- CF claims "~$1.54Bn of combined EBITDA (including run-rate synergies): Based on 2010 CF management EBITDA guidance, excluding minority interests, of $752MM for CF (see non-GAAP reconciliation on p.6), plus $655MM of 2010 EBITDA per Terra (refer to Footnote 1 on prior page), plus $135MM of run-rate synergies" However, CF used its guidance for 2010 and the 3 year historical average for TRA to arrive at that number. Talk about apples and oranges.
- "I believe a $100/st nitrogen production margin ($3/MMBtu natural gas for 1 metric ton ammonia production in Yara's thinking) is as good as it will get going forward, and based on this, $600 million is the high water mark for earnings from this asset set. This is based on 6.5 million tons of annual nitrogen production, less SG&A. Terra's EBITDA hit $964 million in 2008, which was an extraordinary year for the company. "
- CF will pay about 6 percent of its entire market capitalization in fees. On a per share basis, I calculate this to be about $5.75 per CF share. This does not include the $123 million termination fee that CF is paying to Yara on Terra’s behalf as a result of TRA terminating with their merger agreement to accept CF's offer.
- CF will issue equity to fund TRA acquisition, lots of it; it can be dilutive. The company will issue $2 Billion worth of shares: $1B for TRA shareholders and another to the public. Total issuance represents 30% of current and new shares based on today's market price.
- TRA UK assets are declining due to pound devaluation
- valuation of integrated companies:
- what kind of return can CF garner on the acquisition? I reckon no more than 15% in ROIC, this is the best case scenario. The ROIC figure is covering assumed cot of capital of 12%, however, I have my doubts about their EBITDA and synergies claim as detailed here. If I start calculating more accurate ROIC figures using accurate EBITDA like better cycle than just 3 yrs and including an average of non recurring charges...etc I sure they do not earn their cost of capital.
- The invested capital is the cost of the acquisition which are:
- offer: $4.6 Billion
- termination fee to Yara: $123 million
- bankers fee incurred by CF: $270 million
- Grand total : ~ $5 Billion
- $622 (based on the 3 year average EBITDA of TRA)
- $135 million in synergies
Perils of Integration
- Do CF have merger integration experience? CF did not make a large acquisition like this and was not a serial acquirer of smaller operations so that begs the question how will they integrate?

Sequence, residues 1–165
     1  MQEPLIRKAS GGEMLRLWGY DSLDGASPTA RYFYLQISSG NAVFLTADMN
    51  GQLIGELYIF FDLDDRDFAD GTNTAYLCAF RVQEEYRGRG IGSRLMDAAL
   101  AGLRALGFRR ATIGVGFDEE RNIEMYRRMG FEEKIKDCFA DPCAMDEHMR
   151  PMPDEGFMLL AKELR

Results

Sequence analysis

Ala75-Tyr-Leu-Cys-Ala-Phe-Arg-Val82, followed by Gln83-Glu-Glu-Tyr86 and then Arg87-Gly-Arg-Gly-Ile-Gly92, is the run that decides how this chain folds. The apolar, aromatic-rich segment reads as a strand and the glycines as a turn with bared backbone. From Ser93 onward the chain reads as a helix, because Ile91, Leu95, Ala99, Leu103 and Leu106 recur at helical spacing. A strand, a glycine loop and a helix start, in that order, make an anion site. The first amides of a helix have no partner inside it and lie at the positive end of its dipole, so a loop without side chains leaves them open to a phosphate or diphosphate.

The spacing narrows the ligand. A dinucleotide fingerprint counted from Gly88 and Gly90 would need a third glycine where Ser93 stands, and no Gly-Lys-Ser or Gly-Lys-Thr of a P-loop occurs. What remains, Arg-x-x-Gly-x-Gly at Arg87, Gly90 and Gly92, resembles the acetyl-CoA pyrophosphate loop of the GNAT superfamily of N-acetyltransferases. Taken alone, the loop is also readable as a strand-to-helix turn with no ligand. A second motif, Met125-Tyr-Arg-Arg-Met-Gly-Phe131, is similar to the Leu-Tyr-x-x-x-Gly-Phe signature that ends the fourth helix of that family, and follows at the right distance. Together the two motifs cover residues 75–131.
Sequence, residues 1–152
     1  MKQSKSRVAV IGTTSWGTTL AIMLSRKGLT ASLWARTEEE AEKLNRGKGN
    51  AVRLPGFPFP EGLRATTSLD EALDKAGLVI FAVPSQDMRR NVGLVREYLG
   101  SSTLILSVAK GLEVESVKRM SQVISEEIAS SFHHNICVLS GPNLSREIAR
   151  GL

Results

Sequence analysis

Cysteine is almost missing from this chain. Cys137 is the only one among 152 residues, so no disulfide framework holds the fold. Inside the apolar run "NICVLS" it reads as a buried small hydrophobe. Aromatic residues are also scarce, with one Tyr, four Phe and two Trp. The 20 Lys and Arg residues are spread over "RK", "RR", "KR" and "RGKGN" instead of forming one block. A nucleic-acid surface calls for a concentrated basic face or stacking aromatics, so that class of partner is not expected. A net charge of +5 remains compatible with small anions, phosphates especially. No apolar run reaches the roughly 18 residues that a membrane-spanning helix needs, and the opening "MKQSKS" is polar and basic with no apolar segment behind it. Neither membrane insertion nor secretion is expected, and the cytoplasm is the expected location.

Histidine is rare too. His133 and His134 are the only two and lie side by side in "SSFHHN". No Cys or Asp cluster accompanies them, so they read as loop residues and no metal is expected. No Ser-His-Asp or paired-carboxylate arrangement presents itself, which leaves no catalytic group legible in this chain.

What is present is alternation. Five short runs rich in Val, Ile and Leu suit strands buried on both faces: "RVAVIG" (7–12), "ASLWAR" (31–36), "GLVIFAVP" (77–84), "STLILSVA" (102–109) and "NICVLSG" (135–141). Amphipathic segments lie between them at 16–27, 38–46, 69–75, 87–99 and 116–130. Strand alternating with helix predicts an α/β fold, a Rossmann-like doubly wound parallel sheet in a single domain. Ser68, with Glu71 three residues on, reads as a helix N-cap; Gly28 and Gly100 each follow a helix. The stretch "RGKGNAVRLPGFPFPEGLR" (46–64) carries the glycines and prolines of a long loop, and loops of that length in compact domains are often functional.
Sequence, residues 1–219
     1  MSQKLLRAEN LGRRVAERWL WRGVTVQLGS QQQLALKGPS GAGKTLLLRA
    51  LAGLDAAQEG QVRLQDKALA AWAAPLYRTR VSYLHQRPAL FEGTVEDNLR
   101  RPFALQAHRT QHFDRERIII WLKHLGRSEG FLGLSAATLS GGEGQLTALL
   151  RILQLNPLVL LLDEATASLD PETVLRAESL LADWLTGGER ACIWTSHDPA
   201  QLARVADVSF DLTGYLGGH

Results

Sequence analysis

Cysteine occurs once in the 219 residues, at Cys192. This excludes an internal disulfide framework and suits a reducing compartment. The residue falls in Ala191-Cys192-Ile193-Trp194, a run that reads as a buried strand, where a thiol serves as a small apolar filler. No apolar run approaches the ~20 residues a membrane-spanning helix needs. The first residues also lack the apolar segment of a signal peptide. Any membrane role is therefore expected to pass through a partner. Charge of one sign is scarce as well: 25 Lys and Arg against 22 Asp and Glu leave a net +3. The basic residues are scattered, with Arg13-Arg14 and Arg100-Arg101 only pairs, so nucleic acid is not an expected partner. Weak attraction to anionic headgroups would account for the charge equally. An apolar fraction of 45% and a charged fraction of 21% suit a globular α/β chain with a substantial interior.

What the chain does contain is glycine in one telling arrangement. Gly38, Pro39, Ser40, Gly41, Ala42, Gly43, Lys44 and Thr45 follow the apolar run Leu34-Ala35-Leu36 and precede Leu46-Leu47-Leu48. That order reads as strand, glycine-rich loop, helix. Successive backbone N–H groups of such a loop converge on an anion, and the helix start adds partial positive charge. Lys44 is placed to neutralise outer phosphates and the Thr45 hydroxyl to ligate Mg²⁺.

- I want to handicap CF management so lets look at their track record by calculating ROIC.
- CF has capacity to add debt as it has lower leverage . It will add $4.05 billion in financing to its balance sheet to complete the acquisition.
- what does the combined company look like?
- CF claims "flexible balance sheet with ~$1.7Bn of Net Debt by the end of 2010 (Based on CF management expectation of $2,034MM of debt less $321MM of cash (excluding $134MM of auction-rate securities)"
- CF claims that there is $135 million in annual synergies ( those synergies were $100 million at the time of the initial offer) from the elimination of:
- duplicate corporate functions: it should be very little if any to be considered material and worthy of synergy.
- optimization of transportation/ distribution : need to look closer at this claim
- greater economies of scale in purchasing and procurement: but 50% of their production cost is natural gas and the commodity is not driven by volume but rather by proximity to distribution network or closeness to production hubs. However natural gas is cheap at the moment given them larger margins and NG is expected to be low priced for the foreseeable future. Nevertheless it is an advantage that can be enjoyed by the entire industry rather from economies of scale as a result of the merger.
- It is hard to see exactly where CF is going to get the extra $75 million in synergies they asset they can deliver, over and above the $60 million that Yara said it can achieve, the latter being more evident.
- distribution channels are different since Terra's customer base is industrial and CF's is agricultural